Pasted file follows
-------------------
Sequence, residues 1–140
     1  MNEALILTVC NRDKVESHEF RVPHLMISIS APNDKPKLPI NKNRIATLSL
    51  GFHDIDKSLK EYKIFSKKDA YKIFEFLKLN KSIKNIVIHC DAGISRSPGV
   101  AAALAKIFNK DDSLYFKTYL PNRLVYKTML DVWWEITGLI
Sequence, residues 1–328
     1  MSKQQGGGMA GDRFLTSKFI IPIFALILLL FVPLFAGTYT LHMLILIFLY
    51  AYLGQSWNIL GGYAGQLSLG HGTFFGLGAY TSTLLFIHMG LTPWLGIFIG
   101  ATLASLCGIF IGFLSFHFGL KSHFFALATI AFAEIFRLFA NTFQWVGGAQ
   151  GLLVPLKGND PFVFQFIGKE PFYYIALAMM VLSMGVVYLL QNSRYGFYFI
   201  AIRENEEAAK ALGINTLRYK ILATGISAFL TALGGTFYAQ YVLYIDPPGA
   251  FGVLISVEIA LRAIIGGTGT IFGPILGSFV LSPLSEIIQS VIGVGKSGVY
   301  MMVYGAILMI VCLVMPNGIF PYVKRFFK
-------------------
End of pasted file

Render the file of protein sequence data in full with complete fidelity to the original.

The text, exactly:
Sequence, residues 1–140
     1  MNEALILTVC NRDKVESHEF RVPHLMISIS APNDKPKLPI NKNRIATLSL
    51  GFHDIDKSLK EYKIFSKKDA YKIFEFLKLN KSIKNIVIHC DAGISRSPGV
   101  AAALAKIFNK DDSLYFKTYL PNRLVYKTML DVWWEITGLI
Sequence, residues 1–328
     1  MSKQQGGGMA GDRFLTSKFI IPIFALILLL FVPLFAGTYT LHMLILIFLY
    51  AYLGQSWNIL GGYAGQLSLG HGTFFGLGAY TSTLLFIHMG LTPWLGIFIG
   101  ATLASLCGIF IGFLSFHFGL KSHFFALATI AFAEIFRLFA NTFQWVGGAQ
   151  GLLVPLKGND PFVFQFIGKE PFYYIALAMM VLSMGVVYLL QNSRYGFYFI
   201  AIRENEEAAK ALGINTLRYK ILATGISAFL TALGGTFYAQ YVLYIDPPGA
   251  FGVLISVEIA LRAIIGGTGT IFGPILGSFV LSPLSEIIQS VIGVGKSGVY
   301  MMVYGAILMI VCLVMPNGIF PYVKRFFK